Tuesday, September 10, 2019

Why are Bermuda onions called "red" onions?

Quora often provides me with suggestions for blog posts. I read a question today that filled me with such indignation that I had to answer it, and had to post this to my blog as well.

Question: Why are 'red onions' called so when they're clearly purple in color?

Bermuda and Spain

Oh! The injustice!! I get angry with misplaced apostrophes, and livid when someone gets all floofy in the spelling of there/their/thay're/thare. But this is more than just word injustice -- this is about color. Anyone who knows me knows that color and beer are the most sacred things in my life.which is as close to being sacred to me as beer is.

But I digress. There is actually a very reasonable answer to this question, and oddly enough, it's one that doesn't require me to call anyone stupid.

In 1969, two linguistic researchers [1] asked a whole lot of people from around the world to name colors in their native language. Altogether, they surveyed a few thousand people, speaking 110 different languages. Based on an analysis of their data, they proposed the theory that languages follow a distinct pattern in the development of color names.

Primitive languages start with analogs of white and black with everything that is a light color being called white (or their word for white), and everything that is a dark color being called their word for black.

Red is the next color that is added, with a single word standing for red, yellow, orange, pink, etc. The next step after red is either to create a new word to separate yellow from red, or to distinguish a collection of greens and blues from white and black.

Ultimately, the language evolves to 11 basic color names: white, black, gray, red, orange, yellow, green, blue, violet/purple, pink, and brown. Some languages (namely Japanese, Russian, and Italian) have further broken the blue category into sky blue and navy blue.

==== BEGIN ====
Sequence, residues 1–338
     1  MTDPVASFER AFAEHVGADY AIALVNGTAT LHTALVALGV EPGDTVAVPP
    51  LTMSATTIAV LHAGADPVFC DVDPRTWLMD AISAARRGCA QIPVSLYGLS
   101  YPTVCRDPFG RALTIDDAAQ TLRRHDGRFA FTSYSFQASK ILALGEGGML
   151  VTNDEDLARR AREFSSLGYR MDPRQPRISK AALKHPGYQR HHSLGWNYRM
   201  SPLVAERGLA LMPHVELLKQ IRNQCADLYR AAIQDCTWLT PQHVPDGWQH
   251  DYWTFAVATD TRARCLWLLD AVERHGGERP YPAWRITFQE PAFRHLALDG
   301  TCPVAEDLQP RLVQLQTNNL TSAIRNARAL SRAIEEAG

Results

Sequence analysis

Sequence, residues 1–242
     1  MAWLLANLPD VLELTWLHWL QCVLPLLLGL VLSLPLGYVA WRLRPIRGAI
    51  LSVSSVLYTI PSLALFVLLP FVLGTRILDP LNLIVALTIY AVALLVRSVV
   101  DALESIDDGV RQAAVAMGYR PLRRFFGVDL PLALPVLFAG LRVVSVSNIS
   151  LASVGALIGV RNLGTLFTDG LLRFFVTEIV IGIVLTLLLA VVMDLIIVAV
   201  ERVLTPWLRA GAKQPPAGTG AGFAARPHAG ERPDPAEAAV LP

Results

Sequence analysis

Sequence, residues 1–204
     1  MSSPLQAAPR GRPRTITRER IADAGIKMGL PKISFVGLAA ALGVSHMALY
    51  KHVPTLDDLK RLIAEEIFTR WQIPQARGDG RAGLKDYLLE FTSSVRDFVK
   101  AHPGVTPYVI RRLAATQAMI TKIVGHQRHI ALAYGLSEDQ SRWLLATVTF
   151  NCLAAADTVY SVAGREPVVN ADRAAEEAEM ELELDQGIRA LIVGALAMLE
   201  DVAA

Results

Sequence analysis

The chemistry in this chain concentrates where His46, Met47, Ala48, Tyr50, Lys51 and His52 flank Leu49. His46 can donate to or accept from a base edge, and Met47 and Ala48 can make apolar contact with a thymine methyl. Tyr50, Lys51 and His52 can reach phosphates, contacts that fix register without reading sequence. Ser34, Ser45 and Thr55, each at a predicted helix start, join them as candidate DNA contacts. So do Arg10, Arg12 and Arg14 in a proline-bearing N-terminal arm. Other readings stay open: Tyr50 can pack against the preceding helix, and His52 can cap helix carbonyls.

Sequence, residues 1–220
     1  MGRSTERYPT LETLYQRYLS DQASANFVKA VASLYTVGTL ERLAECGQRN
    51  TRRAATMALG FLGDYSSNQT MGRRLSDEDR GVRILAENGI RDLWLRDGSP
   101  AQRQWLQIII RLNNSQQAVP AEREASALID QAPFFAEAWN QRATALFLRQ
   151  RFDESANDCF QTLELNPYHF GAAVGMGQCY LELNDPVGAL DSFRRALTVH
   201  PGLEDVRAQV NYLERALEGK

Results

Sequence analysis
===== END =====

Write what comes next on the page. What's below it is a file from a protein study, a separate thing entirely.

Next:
Yes, I understand that my rendition of orange is not so good

Hang on, John. In English, we have sky blue and navy blue. Why aren't these considered basic color names? 

That's a fair question. In English, we distinguish between the two versions of blue by adding the modifiers sky and navy. But, we have a lot of other modifiers that could be applied to blue to arrive at the colors cadet blue, cobalt blue, greenish blue, midnight blue, Pacific blue, pale blue, purplish blue, robin's egg blue, steel blue, and turquoise blue. None of these are basic color names because they are just modifiers of the basic name blue. Chromolinguists also have a requirement that basic color names must also be monolexic, meaning they must be one word.

Getting back to the theory of Berlin and Kay, here is the original sequence, taken from a subsequent paper by one of the same authors [2]:

Original B&K evolutionary sequence of color term development

If this is all true, then it explains the use of red applied to Bermuda onions and also to cabbage which happens to have lots of anthocyanin, both of which are actually purple. At the time when it became necessary to distinguish between Spanish onions and Bermuda onions, the word purple was not commonly used in the language. In the diagram above, the language was in Stage VI. Red was the common term that signified either purple or red, so red was the name given.

The terms red onion and red cabbage stuck, in much the same way as the anachronistic phrases "hit return", "dial your phone number" and "tape a TV show".

Here are some more examples of vestigial chomo-misnomers: What color are your blue jeans?

[1] Berlin, B., Kay, P.: Basic Color Terms: Their Universality and Evolution. University of California Press, Berkeley/Los Angeles (1969)

[2] Kay, Paul, and Richard S. Cook, World Color Survey, Encyclopedia of Color Science and Technology, Springer Science+Business Media New York 2015


  1. What a great short blog! Also a great short color lexicon discussion. People always like to fight when I mention there are no truly blue veggies and fruits. I'd love to be proven wrong.

  2. What name do you give to the color of a blueberry, Rachel?

    Thanks for the comment!

    1. Me? Mirtilli. In any case hey are much darker then 'dark blue", but they dirt my hand with a red. This definitely requires a new colour name, not just about perception on mind, but dirt on hands.

  3. When you cook blueberries or blend them they make purple.

  4. Someone actually asked me about this. Your answer was what I sent her. Thank you.